In our last article, here at Computer Repair Calgary, we began discussing the motherboard. As a quick recap, the motherboard is that thin, rectangular fiberglass board screwed onto the inside of your computer’s case. It is the device which houses your CPU (central processing unit – the brains of your PC), and allows it to communicate with your machine’s other components (everything from RAM to your video card).
As is evident, the motherboard plays an integral part in the success of your PC. So what, you may be thinking, happens when it dies or begins to fail? Won’t your computer simply refuse to work when it can no longer send/receive data? The short answer is, yes! A computer whose motherboard is malfunctioning or completely dead is unlikely to load up its operating system (generally Microsoft Windows or Mac OSX) at all. Rather, upon startup, it will likely let out a seemingly random bunch of beeps without any visible identification of the issues it is having. Frequently, members of Computer Repair Calgary get questions related to these beeps. Why are they there, and what do they signify. In order to answer this question we need to take a brief look at your system’s startup.
When your computer first turns on it is hardwired to automatically perform a series of tests (referred to as the “power-on self test” or POST) before loading the operating system. In general terms, the role of the POST is to make sure that all of your key parts are in working order. More specifically, the post generally entails checking that:
1) The CPU (central processing unit) is fine
2) The CPU can talk to its memory
3) The CPU has access to video capabilities
4) The motherboards busses (communications channels) are ok
5) The power supply is in working order
6) The BIOS is ok
Now if the POST finishes and everything is fine then generally you will hear a single beep coming from within your computer (or possibly two beeps in relatively quick succession). After this happens, your operating system (Windows) will begin to load and you will eventually see your desktop. If, however, a problem is found during the POST then you will be greeted with a seemingly random beep pattern, as mentioned above. It is important to note that, in fact, this beep pattern is not random at all. It is your system’s way of telling you what the problem is.
In a simple world the beep pattern for every single computer would be the same. Unfortunately, this is not the case. See, the POST is part of the BIOS (a topic we will discuss in due order at Computer Repair Calgary), and not all BIOS’s are created alike. Therefore to check what a particular beep code means follow the instructions below.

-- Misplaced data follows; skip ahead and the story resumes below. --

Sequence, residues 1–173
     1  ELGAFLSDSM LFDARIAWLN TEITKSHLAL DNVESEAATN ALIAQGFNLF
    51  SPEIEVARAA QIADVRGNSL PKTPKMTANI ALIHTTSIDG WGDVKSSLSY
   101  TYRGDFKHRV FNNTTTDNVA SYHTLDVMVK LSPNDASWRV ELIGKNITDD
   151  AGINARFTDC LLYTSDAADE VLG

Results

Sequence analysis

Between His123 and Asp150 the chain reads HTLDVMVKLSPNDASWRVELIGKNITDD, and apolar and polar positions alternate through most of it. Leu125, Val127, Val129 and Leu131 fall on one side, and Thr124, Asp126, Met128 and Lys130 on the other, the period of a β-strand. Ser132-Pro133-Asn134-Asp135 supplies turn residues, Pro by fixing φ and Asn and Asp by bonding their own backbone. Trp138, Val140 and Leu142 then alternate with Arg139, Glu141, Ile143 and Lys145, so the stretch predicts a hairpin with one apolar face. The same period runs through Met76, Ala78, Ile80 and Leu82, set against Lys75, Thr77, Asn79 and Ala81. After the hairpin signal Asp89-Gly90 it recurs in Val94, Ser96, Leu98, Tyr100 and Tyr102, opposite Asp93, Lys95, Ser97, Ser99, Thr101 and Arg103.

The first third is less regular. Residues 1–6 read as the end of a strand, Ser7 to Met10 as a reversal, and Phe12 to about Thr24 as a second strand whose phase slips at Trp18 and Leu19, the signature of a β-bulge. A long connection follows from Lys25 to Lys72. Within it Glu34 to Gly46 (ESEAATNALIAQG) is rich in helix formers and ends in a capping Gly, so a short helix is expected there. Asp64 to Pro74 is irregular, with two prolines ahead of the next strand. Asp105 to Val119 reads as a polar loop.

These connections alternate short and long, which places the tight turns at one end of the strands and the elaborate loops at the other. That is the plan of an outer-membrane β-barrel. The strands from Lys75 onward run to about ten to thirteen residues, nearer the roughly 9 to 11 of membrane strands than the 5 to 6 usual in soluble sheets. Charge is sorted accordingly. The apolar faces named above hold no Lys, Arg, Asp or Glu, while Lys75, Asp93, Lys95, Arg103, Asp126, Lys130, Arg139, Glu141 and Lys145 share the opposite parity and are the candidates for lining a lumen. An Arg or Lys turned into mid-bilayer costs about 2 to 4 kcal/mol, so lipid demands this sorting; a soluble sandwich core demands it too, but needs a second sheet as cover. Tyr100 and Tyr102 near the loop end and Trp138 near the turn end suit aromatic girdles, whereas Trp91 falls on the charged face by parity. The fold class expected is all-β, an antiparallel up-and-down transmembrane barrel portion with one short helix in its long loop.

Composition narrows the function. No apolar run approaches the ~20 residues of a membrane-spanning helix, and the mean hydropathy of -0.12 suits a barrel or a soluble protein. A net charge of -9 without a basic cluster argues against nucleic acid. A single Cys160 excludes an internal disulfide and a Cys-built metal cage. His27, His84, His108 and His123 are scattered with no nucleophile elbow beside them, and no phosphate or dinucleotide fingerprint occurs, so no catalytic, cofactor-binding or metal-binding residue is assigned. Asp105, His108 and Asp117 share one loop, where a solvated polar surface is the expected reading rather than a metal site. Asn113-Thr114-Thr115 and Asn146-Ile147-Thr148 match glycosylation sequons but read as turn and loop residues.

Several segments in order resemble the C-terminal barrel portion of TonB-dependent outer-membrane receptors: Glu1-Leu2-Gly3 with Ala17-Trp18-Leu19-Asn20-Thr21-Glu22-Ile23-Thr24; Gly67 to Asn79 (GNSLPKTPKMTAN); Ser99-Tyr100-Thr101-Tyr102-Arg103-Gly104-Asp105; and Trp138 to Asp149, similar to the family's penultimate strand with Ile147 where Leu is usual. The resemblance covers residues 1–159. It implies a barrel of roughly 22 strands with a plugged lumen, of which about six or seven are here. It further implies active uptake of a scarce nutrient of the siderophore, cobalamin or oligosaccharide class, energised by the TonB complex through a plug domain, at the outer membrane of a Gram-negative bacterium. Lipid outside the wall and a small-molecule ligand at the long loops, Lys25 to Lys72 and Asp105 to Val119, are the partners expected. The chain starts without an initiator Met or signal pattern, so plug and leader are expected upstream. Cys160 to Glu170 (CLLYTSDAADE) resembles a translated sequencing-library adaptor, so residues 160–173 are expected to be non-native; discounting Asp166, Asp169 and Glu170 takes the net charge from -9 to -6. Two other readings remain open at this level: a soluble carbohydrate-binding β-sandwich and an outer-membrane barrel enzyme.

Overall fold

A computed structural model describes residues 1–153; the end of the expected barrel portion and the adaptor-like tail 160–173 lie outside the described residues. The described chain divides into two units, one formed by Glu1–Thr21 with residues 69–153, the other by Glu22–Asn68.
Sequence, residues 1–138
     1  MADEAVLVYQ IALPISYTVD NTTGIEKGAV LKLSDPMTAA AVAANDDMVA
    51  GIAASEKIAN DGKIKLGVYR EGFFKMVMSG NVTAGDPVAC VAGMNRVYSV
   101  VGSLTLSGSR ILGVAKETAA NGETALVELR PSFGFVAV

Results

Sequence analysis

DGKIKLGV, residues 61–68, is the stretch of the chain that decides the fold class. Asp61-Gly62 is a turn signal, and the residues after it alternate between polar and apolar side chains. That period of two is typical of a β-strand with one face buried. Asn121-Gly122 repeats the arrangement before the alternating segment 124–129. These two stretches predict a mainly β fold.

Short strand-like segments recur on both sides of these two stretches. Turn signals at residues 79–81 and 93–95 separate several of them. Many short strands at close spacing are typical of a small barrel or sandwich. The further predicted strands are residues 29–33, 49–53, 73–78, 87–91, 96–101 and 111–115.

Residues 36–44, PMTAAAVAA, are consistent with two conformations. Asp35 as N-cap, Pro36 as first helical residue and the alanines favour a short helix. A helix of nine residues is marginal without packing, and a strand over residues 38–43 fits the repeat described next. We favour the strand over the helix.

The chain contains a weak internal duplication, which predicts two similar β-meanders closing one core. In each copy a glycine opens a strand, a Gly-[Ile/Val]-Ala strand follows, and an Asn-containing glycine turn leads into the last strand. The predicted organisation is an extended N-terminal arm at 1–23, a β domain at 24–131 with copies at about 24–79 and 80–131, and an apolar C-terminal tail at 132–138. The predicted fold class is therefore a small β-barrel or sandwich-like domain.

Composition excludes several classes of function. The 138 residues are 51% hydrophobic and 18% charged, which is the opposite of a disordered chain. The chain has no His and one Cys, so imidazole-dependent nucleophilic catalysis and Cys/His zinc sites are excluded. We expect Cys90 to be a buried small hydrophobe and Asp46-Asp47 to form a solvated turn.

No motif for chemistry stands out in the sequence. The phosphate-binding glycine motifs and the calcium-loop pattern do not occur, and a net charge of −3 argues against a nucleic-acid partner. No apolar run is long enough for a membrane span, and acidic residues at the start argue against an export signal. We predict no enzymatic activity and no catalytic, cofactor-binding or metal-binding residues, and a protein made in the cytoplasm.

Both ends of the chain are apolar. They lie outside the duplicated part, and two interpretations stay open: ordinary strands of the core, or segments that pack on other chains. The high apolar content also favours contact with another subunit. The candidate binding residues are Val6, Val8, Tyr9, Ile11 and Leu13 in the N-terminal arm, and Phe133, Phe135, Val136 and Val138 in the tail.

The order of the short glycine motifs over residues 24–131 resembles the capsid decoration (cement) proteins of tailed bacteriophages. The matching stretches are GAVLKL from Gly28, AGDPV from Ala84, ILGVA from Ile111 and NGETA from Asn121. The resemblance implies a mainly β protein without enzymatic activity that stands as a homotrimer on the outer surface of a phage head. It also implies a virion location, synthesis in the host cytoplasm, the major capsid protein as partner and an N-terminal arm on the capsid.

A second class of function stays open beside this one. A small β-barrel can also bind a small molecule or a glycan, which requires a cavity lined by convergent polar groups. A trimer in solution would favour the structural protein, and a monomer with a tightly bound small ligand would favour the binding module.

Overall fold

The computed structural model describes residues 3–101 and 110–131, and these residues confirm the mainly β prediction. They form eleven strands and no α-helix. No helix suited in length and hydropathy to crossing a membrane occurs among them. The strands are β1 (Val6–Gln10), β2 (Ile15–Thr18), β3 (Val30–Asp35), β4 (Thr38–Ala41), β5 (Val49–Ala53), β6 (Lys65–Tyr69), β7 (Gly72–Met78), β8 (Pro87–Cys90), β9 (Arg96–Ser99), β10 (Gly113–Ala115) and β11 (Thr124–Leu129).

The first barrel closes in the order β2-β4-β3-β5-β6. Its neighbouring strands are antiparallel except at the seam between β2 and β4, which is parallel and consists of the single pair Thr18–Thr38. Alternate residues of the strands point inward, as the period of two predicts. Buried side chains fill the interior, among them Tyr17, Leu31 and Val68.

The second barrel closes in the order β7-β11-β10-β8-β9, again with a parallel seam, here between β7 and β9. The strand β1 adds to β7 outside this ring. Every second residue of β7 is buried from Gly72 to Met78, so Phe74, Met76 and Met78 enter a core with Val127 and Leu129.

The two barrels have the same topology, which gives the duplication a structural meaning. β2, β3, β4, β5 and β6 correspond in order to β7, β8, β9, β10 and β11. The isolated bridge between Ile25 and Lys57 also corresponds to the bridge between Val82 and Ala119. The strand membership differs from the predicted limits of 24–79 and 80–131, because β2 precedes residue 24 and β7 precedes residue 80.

Computer Repair Calgary’s beep code identification system
1) Write down the type of beep code you are getting from your machine
2) Download and install CPU-Z, a small, free computer information program.
3) Open CPU-Z, click on the “Mainboard” tab, look under the “BIOS” subsection and note the “Brand”.
4) Head on over to PCHell’s beep code page.
5) Look for the appropriate section based on your BIOS’s Brand
6) Within the appropriate section, look for the beep code pattern you are experiencing
7) Take appropriate action
Although the final step here is rather vague, the action you need to take depends upon the outcome from your research. We will discuss a few possibilities in our next article. Nonetheless, this should give you the ability to determine, generally, what is wrong with your computer.
So far we have only talked about the case where a motherboard failure results in an irregular BIOS beeping pattern and an inoperable operating system. A mobo failure need not necessarily be so severe. There are times when your OS will load, yet, you experience random computer crashes or random reboots (where your machine suddenly turns off and then turns on again). The problem with these results is that it is difficult to pin down exactly where the problem lies. Random crashes can result from hard drive failure, RAM failure, or even motherboard failure.
So there you have it. A bad motherboard may result in a strange beeping pattern upon startup, random crashes, or random reboots. Make sure to come back and visit Computer Repair Calgary soon as we will be discussing several ways to test if your motherboard is truly being troublesome and in need of repair.